3. I agree that assistive technology may continue to lessen the use Braille within the blind / visually impaired communities but I don’t think we’ll ever see the complete demise of Braille. I know there are a ton of people out there who prefer audio over reading Braille but at the same time those people still want to be braille literate. This way they can have the best of both worlds, so to speak.

    Instead of one or the other (audio or braille); I see a future with assistive technology products that incorporate braille more and more. For example; instead of using the voiceover feature on iPhones; there will actually be mobile phones that feature braille and/or tactile interfaces. Here are a few concepts I’ve read about: http://www.yankodesign.com/2012/02/20/the-ultimate-braille-phone/ & http://www.concept-phones.com/?s=braille

    I may be way off on this but I hope not. I would hate to see a total shift away from the use of braille because in reality, it’ll lead to a whole generation of illiterate people within the blind community. While assistive technology and audio products are fantastic; I don’t think it’s a good idea for anyone to be totally dependent on them. If and/or when a product fails or a network gets interrupted for an extended period of time; a person who isn’t braille literate would be completely out of luck.

  4. Odd my comment did not enter here thefirst time. anyway, braille is literacy. Its how you read and write. speech does not do this. It is needed even for DeafBlind, such as myself. I wish cellphones and computers had built-in braille displays and braille on the keys. It is sickening that braille is offered for premium pricing.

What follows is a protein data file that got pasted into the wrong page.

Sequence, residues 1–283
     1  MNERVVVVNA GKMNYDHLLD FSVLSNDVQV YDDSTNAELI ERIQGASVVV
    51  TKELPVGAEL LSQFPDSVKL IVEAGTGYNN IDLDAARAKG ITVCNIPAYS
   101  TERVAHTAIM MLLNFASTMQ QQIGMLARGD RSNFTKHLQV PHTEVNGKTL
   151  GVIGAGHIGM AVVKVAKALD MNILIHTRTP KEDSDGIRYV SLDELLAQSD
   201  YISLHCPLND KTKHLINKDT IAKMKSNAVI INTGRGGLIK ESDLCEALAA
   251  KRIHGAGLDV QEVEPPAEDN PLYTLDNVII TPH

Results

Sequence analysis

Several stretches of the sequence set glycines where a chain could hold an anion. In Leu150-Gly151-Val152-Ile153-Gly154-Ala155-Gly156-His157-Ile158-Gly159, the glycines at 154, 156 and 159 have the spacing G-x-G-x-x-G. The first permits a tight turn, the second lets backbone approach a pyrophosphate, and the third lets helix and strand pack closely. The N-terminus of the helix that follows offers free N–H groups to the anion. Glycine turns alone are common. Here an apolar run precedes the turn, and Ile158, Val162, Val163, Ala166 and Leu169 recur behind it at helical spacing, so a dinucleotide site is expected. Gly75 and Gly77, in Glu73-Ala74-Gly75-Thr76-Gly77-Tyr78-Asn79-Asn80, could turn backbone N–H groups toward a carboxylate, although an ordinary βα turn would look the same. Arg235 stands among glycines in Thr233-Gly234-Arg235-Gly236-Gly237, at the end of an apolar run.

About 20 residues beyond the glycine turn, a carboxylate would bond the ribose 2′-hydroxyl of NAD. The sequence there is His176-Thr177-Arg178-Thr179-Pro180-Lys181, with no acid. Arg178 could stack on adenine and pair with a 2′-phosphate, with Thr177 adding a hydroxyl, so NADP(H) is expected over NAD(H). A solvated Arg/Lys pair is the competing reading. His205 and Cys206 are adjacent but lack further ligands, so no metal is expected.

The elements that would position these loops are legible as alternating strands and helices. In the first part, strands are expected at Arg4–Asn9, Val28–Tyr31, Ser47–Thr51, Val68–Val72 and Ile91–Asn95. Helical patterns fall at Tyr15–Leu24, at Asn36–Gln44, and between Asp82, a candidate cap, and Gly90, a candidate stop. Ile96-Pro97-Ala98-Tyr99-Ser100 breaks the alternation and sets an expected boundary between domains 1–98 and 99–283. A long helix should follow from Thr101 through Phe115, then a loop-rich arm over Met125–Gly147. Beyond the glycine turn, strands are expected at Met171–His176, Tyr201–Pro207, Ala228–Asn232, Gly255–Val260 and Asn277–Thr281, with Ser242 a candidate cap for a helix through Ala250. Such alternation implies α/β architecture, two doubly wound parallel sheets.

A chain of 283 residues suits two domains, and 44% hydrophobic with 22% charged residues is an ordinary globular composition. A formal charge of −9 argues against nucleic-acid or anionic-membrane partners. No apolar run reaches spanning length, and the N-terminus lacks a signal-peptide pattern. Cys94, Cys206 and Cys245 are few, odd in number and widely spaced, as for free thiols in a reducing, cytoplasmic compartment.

5. I think a more accurate question would be, “will technology sacrifice literacy for all?” The technology world is adapting for the sighted community too and not just the blind are effected. Yet, sighted people are at no risk for losing literacy with new technologies constantly being made available to them. True, the literacy rate of blind people is much lower, but I think that is more to do with the lack of TVIs we have to teach all those who need braille training and the large caseloads slammed on the teachers we do have. I do have a problem with those who use technology to avoid braille or because they think by not reading their life will somehow be made easier, but if I weren’t fortunate enough to receive braille instruction and technology was all I had to get me through school I would absolutely do what I had to do and use it. The more important concern should be about getting more well-qualified TVIs out into the field to teach braille and spread literacy as well as assistive technology skills, not worrying about whether technological advancements will ruin single-handedly cause the extinction of braille literacy.

  6. I believe that Braille is evolving along with everything else and that it will be here to stay for quite some time. There is a degree of uncertainty in in these fast-pace times where technology seems to be changing every two seconds, but there is a distinct advantage with the ability to read/write information as opposed to listening to/speaking it. At the moment, I cannot articulate that advantage easily, but there is something to having concrete access to information. Furthermore, the mind is less liable to wander when reading than with listening to audio (reading being more active than listening, perhaps?).

  7. Lots of questions in this posting; wish there were some practical words in answer – such as, it’s easier to learn to use technology if you can take Braille notes. This leads to my question – will the next blog will “answer” this blog?